What Is Skin pH? How to Tell if Yours Is Healthy, and Why It Matters
It’s official: pH is the new black. From dermatologists’ offices to the aisles of Sephora, “pH balance” is the phrase on every beauty maven’s well-moisturized lips. The market has started to flood with pH-focused cleansers, toners, moisturizers, pH strips, and even high-tech wearable pH sensors. When it comes to beauty treatments and products that claim to restore the skin’s pH balance, today’s marketplace is a bit like the Wild West: There’s a rush to stake some big claims, and certainly some snake oil being sold.
While aestheticians, dermatologists, and wellness gurus may have divergent philosophies, all agree that pH levels are important to overall skin health. So we thought it would be a good time to step back and ask some basic questions, like: What is pH balance, anyway? And why should you care about it in your quest for great skin?
What’s pH Anyway? A Quick Science Lesson for Beginners
Let’s go back to high school science class for a moment. The pH is a numeric scale that indicates how acidic or alkaline something is. On the pH scale of 1 to 14, 7 is neutral, below 7 is acidic, and above 7 is alkaline. What does that have to do with your skin?
“The pH of your skin is normal at 4.7,” says Anthony Youn, MD, a plastic surgeon based in Troy, Michigan. “The thought is that if you alter that pH, you’re altering how healthy the skin is.”
PH isn’t the only trending buzzword beauty insiders are also increasingly talking about how pH can affect what’s called the “acid mantle,” a thin barrier on the surface of your skin that helps maintain its slight acidity. Dr. Youn explains that if you disturb your acid mantle by using overly harsh products, you’re going to suffer the consequences, and they won’t be pretty. While it has recently re-entered the lexicon, the term “acid mantle” actually dates to 1928, when it was coined during one of the earliest studies on skin surface pH, according to an article published in August 2018 in the journal Current Problems in Dermatology.
How pH Became One of the Hottest New Trends in Skin Care
“Your acid mantle is made up of amino and lactic acids, plus sebum, also known as fatty free acids,” says Tiffany Masterson, the founder of the Houston, Texas–based skin-care line Drunk Elephant, which ensures its products are pH balanced. Self-trained on the subject of pH, Masterson has become a leading voice on the topic largely through the success of her brand.
“The acid mantle just so happens to protect skin from environmental factors that lead to aging and all-around irritation,” she says. The brand’s Slaai Melting Butter Cleanser debuted in April and instantly drew raves from beauty insiders for its pH-balancing powers.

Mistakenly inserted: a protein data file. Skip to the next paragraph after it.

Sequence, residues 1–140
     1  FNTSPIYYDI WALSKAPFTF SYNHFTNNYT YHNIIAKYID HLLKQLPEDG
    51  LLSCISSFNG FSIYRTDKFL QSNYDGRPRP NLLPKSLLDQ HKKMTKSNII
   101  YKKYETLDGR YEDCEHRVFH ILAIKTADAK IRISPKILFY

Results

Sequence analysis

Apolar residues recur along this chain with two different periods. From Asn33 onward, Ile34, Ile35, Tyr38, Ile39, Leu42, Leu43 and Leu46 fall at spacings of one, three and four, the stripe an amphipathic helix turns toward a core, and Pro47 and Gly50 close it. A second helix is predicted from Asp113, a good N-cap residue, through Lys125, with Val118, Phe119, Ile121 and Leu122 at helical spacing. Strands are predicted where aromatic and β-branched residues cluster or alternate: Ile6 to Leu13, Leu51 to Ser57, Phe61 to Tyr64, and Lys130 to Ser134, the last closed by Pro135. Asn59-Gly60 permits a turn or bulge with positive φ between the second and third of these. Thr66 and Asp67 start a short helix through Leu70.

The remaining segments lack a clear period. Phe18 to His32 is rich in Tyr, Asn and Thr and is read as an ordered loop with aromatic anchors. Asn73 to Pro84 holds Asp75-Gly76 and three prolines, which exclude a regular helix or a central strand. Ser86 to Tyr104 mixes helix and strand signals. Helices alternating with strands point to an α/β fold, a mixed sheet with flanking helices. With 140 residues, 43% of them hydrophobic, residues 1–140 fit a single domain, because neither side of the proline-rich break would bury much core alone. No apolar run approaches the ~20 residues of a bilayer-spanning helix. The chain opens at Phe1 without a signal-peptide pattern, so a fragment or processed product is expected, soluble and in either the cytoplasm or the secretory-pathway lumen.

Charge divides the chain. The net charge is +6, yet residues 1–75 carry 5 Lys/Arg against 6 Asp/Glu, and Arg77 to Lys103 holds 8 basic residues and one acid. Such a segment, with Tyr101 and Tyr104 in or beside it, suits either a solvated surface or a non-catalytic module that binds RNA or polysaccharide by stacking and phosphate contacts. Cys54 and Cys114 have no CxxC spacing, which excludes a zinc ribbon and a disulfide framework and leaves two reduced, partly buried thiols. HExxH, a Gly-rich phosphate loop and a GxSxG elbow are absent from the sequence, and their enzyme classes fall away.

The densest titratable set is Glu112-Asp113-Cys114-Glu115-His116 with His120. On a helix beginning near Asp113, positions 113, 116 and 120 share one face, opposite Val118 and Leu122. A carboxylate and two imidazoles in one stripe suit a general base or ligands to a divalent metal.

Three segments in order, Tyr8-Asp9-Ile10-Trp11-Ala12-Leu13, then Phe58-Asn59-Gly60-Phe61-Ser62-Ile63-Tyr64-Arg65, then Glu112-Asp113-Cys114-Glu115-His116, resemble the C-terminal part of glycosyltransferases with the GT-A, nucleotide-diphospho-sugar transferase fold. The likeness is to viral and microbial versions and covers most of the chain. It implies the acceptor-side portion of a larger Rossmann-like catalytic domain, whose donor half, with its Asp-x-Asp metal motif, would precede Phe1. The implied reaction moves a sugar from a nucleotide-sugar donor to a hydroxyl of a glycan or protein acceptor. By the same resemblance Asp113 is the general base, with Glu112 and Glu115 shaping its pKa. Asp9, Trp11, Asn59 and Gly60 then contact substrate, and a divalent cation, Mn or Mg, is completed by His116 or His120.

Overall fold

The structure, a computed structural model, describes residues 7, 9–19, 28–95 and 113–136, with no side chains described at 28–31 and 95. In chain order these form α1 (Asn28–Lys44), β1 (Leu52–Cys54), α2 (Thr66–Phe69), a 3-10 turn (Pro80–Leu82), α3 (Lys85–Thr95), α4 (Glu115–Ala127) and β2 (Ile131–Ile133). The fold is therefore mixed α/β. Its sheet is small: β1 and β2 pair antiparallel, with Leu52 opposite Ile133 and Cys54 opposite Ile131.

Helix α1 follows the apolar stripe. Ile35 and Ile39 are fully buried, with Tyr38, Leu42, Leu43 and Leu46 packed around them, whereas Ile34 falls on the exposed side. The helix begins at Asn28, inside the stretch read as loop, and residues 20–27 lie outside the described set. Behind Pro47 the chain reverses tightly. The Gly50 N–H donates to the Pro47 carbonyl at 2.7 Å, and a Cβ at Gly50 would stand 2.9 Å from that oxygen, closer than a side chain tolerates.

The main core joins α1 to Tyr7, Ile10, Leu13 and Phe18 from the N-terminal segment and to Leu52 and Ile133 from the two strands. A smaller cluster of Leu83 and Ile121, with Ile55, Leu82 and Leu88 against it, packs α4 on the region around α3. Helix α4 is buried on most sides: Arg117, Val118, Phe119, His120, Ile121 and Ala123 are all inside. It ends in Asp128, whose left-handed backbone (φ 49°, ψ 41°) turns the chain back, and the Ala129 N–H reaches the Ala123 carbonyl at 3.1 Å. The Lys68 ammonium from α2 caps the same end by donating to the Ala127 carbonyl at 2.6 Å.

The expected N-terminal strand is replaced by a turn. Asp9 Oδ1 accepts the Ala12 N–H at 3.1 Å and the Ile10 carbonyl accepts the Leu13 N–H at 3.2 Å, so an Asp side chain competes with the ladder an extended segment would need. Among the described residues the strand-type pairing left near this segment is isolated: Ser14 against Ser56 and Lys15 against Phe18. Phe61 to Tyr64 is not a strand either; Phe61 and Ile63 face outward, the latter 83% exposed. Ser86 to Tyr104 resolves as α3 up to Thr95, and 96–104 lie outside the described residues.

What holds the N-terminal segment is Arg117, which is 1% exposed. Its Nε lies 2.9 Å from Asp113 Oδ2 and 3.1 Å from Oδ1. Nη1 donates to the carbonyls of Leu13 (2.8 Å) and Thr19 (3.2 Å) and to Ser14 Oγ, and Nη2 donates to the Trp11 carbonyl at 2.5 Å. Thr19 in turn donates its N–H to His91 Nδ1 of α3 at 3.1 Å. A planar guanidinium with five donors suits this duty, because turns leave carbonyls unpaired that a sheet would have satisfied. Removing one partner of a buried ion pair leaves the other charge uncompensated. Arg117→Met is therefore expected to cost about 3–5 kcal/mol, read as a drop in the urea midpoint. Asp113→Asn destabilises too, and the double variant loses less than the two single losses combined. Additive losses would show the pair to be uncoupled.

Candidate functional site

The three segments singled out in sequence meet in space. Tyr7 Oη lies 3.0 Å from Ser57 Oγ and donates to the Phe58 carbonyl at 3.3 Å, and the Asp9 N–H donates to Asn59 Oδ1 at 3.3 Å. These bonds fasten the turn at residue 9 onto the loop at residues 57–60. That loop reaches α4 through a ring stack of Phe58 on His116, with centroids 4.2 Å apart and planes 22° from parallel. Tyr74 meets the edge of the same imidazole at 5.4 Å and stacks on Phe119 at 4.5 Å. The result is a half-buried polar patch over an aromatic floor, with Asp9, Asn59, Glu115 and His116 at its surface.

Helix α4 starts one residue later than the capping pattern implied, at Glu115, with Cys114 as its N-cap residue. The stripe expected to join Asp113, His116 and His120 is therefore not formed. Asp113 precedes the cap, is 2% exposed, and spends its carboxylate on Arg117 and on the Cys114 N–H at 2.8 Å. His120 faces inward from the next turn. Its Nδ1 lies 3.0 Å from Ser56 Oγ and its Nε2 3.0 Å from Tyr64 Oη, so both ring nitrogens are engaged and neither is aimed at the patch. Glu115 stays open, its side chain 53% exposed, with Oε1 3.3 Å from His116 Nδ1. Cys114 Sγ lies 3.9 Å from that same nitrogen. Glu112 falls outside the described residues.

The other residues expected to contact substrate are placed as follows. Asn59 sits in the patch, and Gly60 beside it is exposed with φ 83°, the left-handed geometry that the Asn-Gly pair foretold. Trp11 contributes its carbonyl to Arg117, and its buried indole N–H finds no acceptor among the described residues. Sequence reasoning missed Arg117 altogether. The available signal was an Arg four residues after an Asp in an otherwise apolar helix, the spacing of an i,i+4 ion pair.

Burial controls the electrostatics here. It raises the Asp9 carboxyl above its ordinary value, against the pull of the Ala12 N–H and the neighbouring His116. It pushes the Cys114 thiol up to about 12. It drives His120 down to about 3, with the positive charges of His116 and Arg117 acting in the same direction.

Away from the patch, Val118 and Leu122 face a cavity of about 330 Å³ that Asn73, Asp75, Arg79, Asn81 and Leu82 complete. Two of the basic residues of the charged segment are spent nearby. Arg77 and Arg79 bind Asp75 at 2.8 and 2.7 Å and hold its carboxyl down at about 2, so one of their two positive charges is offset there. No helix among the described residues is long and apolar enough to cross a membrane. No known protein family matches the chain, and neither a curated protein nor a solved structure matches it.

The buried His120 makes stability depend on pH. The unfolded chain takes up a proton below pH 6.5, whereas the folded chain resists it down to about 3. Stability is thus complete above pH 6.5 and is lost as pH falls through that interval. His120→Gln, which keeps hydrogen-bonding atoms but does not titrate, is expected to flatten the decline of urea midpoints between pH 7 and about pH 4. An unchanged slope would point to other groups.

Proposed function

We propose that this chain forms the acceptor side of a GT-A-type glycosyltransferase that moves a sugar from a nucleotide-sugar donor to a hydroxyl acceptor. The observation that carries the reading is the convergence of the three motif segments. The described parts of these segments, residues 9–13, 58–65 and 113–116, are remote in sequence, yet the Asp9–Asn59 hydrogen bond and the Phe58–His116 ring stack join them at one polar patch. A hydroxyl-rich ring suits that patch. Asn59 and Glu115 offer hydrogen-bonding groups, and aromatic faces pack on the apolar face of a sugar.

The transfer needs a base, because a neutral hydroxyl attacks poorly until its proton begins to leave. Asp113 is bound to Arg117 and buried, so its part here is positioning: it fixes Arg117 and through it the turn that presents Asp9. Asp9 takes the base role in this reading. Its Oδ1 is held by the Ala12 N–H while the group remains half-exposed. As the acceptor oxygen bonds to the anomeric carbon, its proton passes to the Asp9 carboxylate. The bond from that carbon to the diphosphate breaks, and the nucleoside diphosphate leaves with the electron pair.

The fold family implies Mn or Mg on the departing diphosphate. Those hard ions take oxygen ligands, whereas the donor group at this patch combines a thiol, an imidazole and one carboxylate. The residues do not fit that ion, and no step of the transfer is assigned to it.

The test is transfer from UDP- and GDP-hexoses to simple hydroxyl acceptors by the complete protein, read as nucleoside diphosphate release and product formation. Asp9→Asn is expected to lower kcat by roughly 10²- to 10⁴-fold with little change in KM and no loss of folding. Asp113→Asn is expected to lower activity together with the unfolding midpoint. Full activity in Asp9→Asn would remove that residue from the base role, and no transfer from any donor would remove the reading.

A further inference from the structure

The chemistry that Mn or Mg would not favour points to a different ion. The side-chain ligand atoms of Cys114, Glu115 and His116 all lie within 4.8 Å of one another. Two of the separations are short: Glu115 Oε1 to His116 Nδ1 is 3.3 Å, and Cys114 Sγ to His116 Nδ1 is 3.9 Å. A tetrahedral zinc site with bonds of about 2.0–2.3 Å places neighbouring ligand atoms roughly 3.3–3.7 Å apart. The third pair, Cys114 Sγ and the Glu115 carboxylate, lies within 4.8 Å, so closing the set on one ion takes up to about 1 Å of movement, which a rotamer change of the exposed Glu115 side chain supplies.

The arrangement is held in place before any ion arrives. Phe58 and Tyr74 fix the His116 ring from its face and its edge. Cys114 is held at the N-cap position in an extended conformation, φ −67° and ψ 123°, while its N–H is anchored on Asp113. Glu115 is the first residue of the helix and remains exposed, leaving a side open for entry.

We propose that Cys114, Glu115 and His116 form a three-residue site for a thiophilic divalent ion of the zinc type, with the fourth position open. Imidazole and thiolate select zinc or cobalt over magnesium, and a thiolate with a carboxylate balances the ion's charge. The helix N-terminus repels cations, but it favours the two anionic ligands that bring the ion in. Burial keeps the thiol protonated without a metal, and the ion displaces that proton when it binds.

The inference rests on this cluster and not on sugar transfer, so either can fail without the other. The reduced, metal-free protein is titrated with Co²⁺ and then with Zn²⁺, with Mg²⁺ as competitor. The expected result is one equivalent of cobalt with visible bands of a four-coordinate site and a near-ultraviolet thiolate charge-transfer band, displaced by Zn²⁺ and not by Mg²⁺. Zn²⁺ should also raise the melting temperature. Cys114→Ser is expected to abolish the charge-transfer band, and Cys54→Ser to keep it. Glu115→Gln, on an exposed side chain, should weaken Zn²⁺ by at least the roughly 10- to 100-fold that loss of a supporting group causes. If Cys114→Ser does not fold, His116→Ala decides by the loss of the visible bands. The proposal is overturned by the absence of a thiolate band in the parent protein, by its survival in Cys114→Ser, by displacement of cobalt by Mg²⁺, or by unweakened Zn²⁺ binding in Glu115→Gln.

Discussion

Other products, like Tula’s Pro-Glycolic 10 Percent pH Resurfacing Gel, are so popular that they’re often sold out completely both online and in department stores. The buzz is so big that retailers, including Sephora and Dermstore, have dedicated spaces on their websites to pH-balancing products.
And taking the obsession with pH-awareness high-tech, La Roche-Posay in 2019 released My Skin Track, a prototype of a wearable sensor that detects trace amounts of sweat from your pores and promises an accurate skin pH reading in just 15 minutes.
Some credit the surging popularity of pH-focused skin care in the West to the success of Korean skin care worldwide. “Many people living in Korea identify with a sensitive skin type, and some of the redness and irritation is attributed to the high pollution levels in Korea,” says Charlotte Cho, a cofounder of the K-Beauty website Soko Glam. “As a result, Korean beauty brands often formulate products with low pH.” Bestselling K-Beauty brands like Corsx and Acwell, the latter of which lists the pH of each product on the label, are at the forefront of the trend.
But some medical experts question the extent to which all this focus on pH-balanced products matters to the average consumer. “The reason why we don’t put too much thought into it is because the skin-care scientists have already done that,” says the New York City–based dermatologist Cheryl Karcher, MD. “They’re very smart people, these PhDs making these skin-care products. They know that you have to have something close to the pH of the skin or else it’s not going to be cosmetically appealing it’s going to burn.”
“The skin’s barrier is slightly acidic for a reason: to keep moisture in and bacteria out, Dr. Karcher says. “If your pH balance is off and it’s too alkaline, your skin is going to look flaky and red. If it’s too acidic, you’ll increase your chances of inflammatory skin conditions like eczema and acne.”
Masterson believes that common ingredients in products cause many of our skin troubles. Those ingredients include fragrances, essential oils, drying alcohols, and harsh cleansing agents such as sodium lauryl sulfate, which can cause inflammation and disrupt the acid mantle. “No product can make a difference in the health of your skin barrier if you’re using another product that is actively causing it harm,” says Masterson. “Your body doesn’t work that way you can’t smoke a cigarette and then eat some broccoli and hope they cancel each other out so why would your skin be any different? This is why we are adamant about both the importance of pH balanced formulas as well as avoiding the categories of ingredients that can cause the acid mantle harm.”